Former New Hampshire GOP Executive Director Matt Mowers entered the First Congressional District primary Tuesday, the second Republican to formally declare his candidacy — and the third candidate named Matt expected to enter the race. At least two more New Hampshire Republicans, former NHGOP Vice Chair Matt Mayberry and Newton Town Selectman Matt Burrill, are expected to run, along with State Rep. Bill Fowler of Seabrook.
The filing period for the 2020 primary doesn’t close until June 12, so there could conceivably be another Matt or two waiting in the wings.
Mowers, who served as Executive Director of the NHGOP from 2013 to 2015, is a New Jersey native who ran Gov. Chris Christie’s 2016 presidential race here in New Hampshire. After Christie dropped out, Mowers joined the Trump campaign as National Field Coordinator and Battleground States Director.
Mowers, 30, then spent two years working in the State Department as a senior White House advisor.
“I can bring a different experience level to this race,” Mowers told NHJournal. “I represent a new generation of conservative leadership for the Republican Party.”
Mowers has been involved in campaigns since he was a teenager, and it shows. He’s already got his take on incumbent Democrat Chris Pappas down to a single line: “Pappas said he’d be an independent like JFK, but he goes to Washington and votes like AOC.” Mowers is also quick to point out that Pappas has voted with Speaker of the House Nancy Pelosi “100 percent of the time,” and he was the first Democrat in a Trump district to publicly support the impeachment inquiry.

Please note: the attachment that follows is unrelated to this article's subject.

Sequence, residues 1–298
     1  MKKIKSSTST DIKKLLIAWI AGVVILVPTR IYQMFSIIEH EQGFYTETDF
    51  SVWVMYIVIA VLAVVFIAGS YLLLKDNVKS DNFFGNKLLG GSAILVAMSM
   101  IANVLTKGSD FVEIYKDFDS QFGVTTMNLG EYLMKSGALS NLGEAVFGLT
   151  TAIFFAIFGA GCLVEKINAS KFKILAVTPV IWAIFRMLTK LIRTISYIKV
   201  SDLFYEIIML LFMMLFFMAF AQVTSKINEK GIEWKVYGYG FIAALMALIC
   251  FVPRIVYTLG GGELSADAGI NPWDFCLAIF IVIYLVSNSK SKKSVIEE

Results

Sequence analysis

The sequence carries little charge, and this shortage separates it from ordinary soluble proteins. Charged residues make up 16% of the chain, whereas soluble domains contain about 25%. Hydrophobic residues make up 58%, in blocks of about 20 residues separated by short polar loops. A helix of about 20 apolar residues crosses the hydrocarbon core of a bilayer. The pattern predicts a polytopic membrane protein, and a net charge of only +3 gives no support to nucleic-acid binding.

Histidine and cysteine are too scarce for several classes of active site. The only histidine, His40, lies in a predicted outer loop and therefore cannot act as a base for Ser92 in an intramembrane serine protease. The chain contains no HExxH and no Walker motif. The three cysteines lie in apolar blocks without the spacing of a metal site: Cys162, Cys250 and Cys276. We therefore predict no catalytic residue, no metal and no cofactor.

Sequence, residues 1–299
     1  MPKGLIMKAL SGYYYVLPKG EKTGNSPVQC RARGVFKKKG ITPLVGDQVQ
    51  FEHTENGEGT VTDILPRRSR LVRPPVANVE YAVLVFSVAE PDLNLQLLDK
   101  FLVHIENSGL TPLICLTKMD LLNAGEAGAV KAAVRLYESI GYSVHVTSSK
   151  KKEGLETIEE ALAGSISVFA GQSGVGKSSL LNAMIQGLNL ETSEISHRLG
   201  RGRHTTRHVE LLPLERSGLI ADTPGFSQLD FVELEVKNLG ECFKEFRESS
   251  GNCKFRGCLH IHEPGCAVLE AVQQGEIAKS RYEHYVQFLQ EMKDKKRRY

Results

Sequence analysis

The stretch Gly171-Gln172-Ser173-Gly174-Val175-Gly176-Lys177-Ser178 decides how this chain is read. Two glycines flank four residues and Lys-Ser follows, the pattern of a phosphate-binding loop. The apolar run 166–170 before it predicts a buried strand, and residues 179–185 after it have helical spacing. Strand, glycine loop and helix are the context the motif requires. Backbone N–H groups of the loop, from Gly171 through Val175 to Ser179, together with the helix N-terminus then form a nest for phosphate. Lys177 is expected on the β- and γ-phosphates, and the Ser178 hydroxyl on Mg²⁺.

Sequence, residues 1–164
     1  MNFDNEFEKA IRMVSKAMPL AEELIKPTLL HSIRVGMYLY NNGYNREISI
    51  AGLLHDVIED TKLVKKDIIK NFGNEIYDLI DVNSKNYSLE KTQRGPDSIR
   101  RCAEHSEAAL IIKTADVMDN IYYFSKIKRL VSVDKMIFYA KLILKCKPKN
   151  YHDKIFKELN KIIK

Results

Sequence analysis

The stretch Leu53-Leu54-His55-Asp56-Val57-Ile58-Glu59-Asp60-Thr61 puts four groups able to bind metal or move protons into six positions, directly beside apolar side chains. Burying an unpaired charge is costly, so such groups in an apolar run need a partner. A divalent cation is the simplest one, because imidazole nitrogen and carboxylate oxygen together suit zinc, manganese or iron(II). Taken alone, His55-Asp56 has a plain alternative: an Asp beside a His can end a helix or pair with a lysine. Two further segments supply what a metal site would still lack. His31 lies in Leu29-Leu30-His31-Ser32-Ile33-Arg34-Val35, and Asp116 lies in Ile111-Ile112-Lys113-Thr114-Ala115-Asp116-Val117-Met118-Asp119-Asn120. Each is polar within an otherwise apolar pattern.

“Pappas comes to Sandown and tells the voters one thing, then goes back to DC and does another,” Mowers said.
The NH Democratic Party wasted no time going on the attack, tweeting: “Matt Mowers has spent his career sucking up to corrupt, hyperpartisan politicians like Chris Christie and Donald Trump who have pursued a political agenda at the expense of their own constituents. Why should NH voters trust Mowers to be any different? They can’t.”
The criticism NHGOP insiders are focused on, however, is the “carpetbagger” issue. “He’s lived in New Hampshire for what–a minute? Now he’s running for Congress? It’s ‘Maura Sullivan’ all over again,” one NHGOP insider told NHJournal. Sullivan ran in the 2018 Democratic First CD primary just a few months after moving to the state. Pappas easily defeated her in the primary.
“I love New Hampshire,” Mowers told NHJournal. “At one point, my dad was a diver on the construction of the Seabrook Power Plant. Because of his job, we moved 13 times by the time I was eight years old. But the one place we always came back to was New Hampshire.”
As his campaign website makes clear, Mowers intends to embrace his Trump connections, with his “Putting New Hampshire First,” messaging and warnings about “radical Socialism in Washington.” Most political pros believe President Trump’s performance (or lack thereof) in New Hampshire will have a major impact on the outcome of the First CD race, so Mower’s strategy could be viewed as embracing the inevitable.
And given Trump’s popularity among New Hampshire Republicans — 76 percent in the latest poll — it certainly makes sense in the primary.
The trick now is to stand out in the NHGOP pack — not an easy task when three candidates have the same name, and two have the same initials.
And not only is Matt one of three in the First CD, but he’s “the second New Jerseyan this month to run for office in the Granite State,” according to the New Jersey Globe.
“Rick Merkt, a former six-term assemblyman from Morris County, is running for New Hampshire State Representative.”
Can State Senator Tony Soprano be far behind?